Leveling the type and quantity of production over a fixed period of time. This enables production to efficiently meet customer demands while avoiding batching and results in minimum inventories, capital costs, manpower, and production lead time through the whole value stream.
With regard to level production by quantity of items, suppose that a producer routinely received orders for 500 items per week, but with significant variation by day: 200 arrive on Monday, 100 on Tuesday, 50 on Wednesday, 100 on Thursday, and 50 on Friday. To level production, the producer might place a small buffer of finished goods near shipping, to respond to Monday’s high level of demand, and level production at 100 units per day through the week. By keeping a small stock of finished goods at the very end of the value stream, this producer can level demand to its plant and to its suppliers, making for more efficient utilization of assets along the entire value stream while meeting customer requirements.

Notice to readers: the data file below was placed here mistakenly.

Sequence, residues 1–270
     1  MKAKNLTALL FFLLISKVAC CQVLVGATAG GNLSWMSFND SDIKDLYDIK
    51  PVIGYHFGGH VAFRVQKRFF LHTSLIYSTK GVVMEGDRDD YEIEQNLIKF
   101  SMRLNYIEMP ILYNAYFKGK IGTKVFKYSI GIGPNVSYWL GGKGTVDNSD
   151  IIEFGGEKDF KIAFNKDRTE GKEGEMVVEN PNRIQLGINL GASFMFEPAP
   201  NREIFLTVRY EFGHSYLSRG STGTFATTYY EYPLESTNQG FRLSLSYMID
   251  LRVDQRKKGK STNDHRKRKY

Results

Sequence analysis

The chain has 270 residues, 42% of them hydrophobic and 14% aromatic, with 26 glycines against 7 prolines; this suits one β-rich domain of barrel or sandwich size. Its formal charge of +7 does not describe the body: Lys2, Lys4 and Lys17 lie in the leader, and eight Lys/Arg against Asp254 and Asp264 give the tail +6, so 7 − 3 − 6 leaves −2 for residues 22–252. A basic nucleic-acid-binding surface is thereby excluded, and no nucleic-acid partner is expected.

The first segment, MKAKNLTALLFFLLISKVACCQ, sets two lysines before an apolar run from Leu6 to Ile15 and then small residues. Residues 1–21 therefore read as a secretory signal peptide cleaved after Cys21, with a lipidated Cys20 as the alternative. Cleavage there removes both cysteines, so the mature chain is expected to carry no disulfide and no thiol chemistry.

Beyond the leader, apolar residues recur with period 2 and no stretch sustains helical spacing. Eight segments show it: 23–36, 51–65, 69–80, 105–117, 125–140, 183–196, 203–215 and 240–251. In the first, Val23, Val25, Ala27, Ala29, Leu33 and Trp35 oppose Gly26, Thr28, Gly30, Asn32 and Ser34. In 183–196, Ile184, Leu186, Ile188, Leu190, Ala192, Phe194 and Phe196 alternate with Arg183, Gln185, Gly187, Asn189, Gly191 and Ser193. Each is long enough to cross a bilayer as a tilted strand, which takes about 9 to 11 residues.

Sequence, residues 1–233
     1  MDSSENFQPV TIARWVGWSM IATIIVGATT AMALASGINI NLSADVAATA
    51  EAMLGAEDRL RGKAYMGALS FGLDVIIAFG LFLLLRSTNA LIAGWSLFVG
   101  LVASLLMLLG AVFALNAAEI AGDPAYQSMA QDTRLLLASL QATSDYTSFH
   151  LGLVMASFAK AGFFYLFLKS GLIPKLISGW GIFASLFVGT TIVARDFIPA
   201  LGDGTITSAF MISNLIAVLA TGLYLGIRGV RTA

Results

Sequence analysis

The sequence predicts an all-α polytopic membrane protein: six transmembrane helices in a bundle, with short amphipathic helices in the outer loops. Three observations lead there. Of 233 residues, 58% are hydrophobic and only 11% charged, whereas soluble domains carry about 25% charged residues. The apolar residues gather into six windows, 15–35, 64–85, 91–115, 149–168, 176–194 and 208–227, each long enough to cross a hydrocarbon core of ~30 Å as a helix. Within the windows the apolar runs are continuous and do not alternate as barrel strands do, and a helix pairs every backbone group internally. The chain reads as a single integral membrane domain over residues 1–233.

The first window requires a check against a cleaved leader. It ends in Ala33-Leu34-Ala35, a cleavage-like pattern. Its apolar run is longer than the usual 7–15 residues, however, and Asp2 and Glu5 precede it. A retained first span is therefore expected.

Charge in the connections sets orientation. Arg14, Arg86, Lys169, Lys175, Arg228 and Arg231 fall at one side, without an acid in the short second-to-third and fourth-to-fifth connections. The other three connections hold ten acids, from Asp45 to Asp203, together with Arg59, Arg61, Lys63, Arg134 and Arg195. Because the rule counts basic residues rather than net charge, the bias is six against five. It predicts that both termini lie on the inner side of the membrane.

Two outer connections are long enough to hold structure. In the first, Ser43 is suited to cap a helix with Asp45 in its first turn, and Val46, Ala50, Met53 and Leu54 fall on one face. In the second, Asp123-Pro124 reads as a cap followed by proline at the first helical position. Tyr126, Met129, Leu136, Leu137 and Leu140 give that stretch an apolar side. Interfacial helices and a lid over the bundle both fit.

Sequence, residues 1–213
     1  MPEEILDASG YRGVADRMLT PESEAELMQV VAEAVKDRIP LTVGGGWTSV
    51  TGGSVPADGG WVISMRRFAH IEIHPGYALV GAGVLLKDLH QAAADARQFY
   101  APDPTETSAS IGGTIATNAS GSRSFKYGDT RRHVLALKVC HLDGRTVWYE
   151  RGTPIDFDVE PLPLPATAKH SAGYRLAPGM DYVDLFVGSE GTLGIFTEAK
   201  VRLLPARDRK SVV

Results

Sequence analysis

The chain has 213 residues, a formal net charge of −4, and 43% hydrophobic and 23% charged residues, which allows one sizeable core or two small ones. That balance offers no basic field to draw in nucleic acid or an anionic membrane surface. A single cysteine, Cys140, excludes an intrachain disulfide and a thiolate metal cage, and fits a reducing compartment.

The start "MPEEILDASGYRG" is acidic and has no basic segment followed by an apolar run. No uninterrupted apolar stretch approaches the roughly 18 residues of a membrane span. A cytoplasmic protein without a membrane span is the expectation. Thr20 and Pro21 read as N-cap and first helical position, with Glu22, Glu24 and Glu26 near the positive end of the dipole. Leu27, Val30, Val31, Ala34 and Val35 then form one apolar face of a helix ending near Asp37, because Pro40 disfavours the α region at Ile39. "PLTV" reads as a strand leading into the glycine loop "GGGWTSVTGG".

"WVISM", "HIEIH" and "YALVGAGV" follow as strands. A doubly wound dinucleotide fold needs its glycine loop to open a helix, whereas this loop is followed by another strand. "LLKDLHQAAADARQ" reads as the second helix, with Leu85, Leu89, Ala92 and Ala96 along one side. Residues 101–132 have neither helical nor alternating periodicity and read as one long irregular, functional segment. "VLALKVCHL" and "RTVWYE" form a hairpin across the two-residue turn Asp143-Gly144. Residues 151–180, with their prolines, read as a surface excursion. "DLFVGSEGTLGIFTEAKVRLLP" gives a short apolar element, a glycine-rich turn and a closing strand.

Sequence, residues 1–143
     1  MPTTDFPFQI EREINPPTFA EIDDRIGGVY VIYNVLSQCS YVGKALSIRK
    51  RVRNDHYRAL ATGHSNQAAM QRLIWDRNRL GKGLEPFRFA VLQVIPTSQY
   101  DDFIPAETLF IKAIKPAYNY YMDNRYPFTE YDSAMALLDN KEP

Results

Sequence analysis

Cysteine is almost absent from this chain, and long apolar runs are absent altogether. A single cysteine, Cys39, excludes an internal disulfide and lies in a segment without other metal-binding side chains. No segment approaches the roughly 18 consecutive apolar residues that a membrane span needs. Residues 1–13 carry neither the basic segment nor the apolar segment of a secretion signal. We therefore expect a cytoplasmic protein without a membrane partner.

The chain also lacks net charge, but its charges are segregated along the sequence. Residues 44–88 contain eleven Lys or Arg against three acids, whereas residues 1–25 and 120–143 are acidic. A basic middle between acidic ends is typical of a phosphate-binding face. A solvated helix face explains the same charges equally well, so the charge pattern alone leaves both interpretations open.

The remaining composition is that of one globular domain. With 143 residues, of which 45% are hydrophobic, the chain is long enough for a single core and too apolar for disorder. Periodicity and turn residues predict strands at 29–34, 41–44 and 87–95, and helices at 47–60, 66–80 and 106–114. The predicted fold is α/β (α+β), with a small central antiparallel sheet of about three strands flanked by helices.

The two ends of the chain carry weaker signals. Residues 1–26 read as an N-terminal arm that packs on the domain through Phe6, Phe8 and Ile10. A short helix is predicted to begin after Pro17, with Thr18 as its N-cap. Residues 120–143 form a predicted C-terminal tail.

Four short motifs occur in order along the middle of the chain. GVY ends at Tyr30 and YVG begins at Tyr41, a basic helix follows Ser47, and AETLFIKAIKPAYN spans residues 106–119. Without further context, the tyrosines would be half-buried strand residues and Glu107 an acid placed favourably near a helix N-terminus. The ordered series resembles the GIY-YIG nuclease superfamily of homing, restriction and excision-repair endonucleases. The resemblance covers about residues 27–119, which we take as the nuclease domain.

With regard to leveling production by type of item, as illustrated on the next page, suppose that a shirt company offers Models A, B, C, and D to the public and that weekly demand for shirts is five of Model A, three of Model B, and two each of Models C and D. A mass producer, seeking economies of scale and wishing to minimize changeovers between products, would probably build these products in the weekly sequence A A A A A B B B C C D D.
A lean producer, mindful—in addition to the benefits outlined above—of the effect of sending large, infrequent batches of orders upstream to suppliers, would strive to build in the repeating sequence A A B C D A A B C D A B, making appropriate production system improvements, such as reducing changeover times. This sequence would be adjusted periodically according to changing customer orders.
In Japanese, the word heijunka means, roughly, “levelization.”